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A Letter from the General Minister to Pittsburgh Presbytery

Foundations of the Faith We Share, Part I: Introduction
June 8, 2017

From January through March we explored the “Foundations for our Life Together” as they are set forth in the first chapter of our Book of Order. Chapter two continues the “foundations” theme, but shifts from the foundations of how we live together to foundations of the faith we share. What beliefs are essential to being Presbyterian, and even more basically, to being Christian?

A few years ago, United Methodist pastor Martin Thielen published a provocatively titled book that became a best-seller, What’s the Least I Can Believe and Still Be a Christian? Its subtitle is critically important: “A Guide to What Matters Most.” Thielen was trying to answer a question that has been with us since the days of the Bible itself – what things are truly essential to our faith, and on what matters are differences permissible, perhaps even helpful?

Following the Protestant Reformation, with the collapse of Rome’s singular authority to define orthodoxy, Reformers sought to develop principles for determining essential beliefs, and differentiating them from non-essentials. “Non-essentials” are sometimes termed adiaphora by theologians, a Greek word meaning “non-differentiable.” Not that we don’t care about such matters, but that varying convictions on such things do not lead us do go different ways.

One mark of maturity is the capacity to distinguish the truly essential from the non-essential, the necessary from the good. To insist in church on uniformity in non-essentials leads to church division. The Nicene Creed emerged as a statement of faith meant to condense Christian belief down to its essentials, and thus to unify the church. From its origins in the fourth century until now, it has remained virtually intact worldwide as a statement of core Christianity.

The urge to distill the essence of authentic faith and practice goes back even further, to the time of the Hebrew prophets. Micah tells the people that God’s concern is not that they demonstrate a robust religious ceremonial life, but that they hold fast to three essential things: Do justice, love mercy, walk humbly with God. (Micah 6:8) Similarly Hosea denounces ritual religion, advocating instead for a changed heart: “I desire steadfast love and not sacrifice, the knowledge of God rather than burnt offerings. (Hosea 6:6) Jesus quotes Hosea with approval (Matthew 9:13, 12:7), and declares that “all the law and the prophets” are summed up in the commandments to love God and neighbor. (Matthew 22:36-40) Paul contends, “The whole law is summed up in a single commandment, ‘You shall love your neighbor as yourself.’” (Galatians 5:14)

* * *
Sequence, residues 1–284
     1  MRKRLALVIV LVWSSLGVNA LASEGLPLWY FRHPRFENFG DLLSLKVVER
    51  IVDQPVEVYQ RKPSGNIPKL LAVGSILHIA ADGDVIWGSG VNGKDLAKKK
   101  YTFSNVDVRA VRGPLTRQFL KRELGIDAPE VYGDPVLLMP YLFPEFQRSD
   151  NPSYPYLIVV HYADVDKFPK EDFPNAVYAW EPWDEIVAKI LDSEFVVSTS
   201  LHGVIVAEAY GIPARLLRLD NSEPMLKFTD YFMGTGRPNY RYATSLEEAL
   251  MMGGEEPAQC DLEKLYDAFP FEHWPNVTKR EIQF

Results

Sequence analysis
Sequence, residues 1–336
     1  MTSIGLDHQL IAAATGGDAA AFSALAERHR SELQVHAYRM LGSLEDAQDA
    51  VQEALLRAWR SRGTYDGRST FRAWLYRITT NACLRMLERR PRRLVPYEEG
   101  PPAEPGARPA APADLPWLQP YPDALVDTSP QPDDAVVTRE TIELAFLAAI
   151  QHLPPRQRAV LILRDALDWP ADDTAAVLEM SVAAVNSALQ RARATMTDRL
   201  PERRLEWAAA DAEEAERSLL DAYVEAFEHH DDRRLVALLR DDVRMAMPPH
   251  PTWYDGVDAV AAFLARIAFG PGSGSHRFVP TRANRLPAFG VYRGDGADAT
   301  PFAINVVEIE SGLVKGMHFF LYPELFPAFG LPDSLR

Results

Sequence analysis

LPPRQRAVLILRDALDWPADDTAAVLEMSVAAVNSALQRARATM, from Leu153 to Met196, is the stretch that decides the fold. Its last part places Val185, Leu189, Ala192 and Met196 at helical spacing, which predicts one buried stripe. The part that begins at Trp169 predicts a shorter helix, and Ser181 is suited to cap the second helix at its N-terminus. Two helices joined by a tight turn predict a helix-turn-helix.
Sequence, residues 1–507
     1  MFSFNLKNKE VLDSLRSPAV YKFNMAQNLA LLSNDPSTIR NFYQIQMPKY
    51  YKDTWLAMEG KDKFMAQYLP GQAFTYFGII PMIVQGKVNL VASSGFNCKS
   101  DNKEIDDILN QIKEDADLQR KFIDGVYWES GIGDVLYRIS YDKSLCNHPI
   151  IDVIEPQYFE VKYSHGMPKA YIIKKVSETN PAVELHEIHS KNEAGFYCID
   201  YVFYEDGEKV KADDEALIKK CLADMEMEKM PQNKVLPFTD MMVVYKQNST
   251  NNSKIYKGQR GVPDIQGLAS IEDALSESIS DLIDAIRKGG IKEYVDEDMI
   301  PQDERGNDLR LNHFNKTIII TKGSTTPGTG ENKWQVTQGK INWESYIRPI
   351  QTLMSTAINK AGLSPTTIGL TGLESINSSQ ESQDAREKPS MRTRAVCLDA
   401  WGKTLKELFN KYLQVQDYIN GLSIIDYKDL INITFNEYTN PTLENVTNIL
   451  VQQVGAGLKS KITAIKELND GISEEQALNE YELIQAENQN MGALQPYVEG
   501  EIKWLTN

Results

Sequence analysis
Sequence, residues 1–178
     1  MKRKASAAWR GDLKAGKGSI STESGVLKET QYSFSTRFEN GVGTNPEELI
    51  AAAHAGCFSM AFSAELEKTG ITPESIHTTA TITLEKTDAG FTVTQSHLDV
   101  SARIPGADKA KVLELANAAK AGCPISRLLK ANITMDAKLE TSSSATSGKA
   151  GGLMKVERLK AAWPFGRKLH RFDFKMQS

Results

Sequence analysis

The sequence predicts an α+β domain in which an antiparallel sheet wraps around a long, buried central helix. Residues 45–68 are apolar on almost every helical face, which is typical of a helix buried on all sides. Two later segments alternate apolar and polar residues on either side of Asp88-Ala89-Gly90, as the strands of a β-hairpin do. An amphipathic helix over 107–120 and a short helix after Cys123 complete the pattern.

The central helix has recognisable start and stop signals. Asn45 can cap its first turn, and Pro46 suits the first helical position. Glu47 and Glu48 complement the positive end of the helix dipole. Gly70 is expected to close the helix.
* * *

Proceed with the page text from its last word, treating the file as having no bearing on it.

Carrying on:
Back to the Reformers. Soon their followers developed a pithy saying that expressed their way of handling essential things:

In essentials, unity.
In non-essentials, liberty.
In all things, charity.

This saying has been adopted as a motto by many Protestant groups. We struggle the most with the third of these commitments – that is, with remaining charitable to those who differ from us, whether the matters of disagreement are essential or not. Often, we raise non-essentials to the level of functional essentials simply because we are unwilling to tolerate difference of opinion on those matters.

Presbyterians aspire to be a “big tent” church that honors the integrity of individuals and communities who have varying views on adiaphora. We don’t require uniformity in worship styles, modes of baptism and the Lord’s Supper, eschatology, biblical exegesis, and much more.

Yet despite this noble intent, do we yet raise lesser things to the level of “essential,” and justify being uncharitable toward those who differ from us on such things? Would we rather fight and divide over small things than be content to remain united on the big things?

John Calvin listed only three beliefs as so essential that they are worth dividing over:

God is One.
Christ is God.
Salvation rests in God’s mercy. (Institutes of the Christian Religion IV.1.12)

Calvin did not lack for opinions about the truth or error of other theological claims or church practices. But these are the only three he specified as so important that we cannot differ on them and remain united in Christ.

As we unpack the foundations of our shared faith, as presented in the Book of Order, let us never forget the importance of differentiating essentials from non-essentials. Only then can we explore fruitfully the beliefs and practices that mark us as Christians first and Presbyterians second.

Yours in living faith,

The Rev. Dr. Sheldon W. Sorge, General Minister

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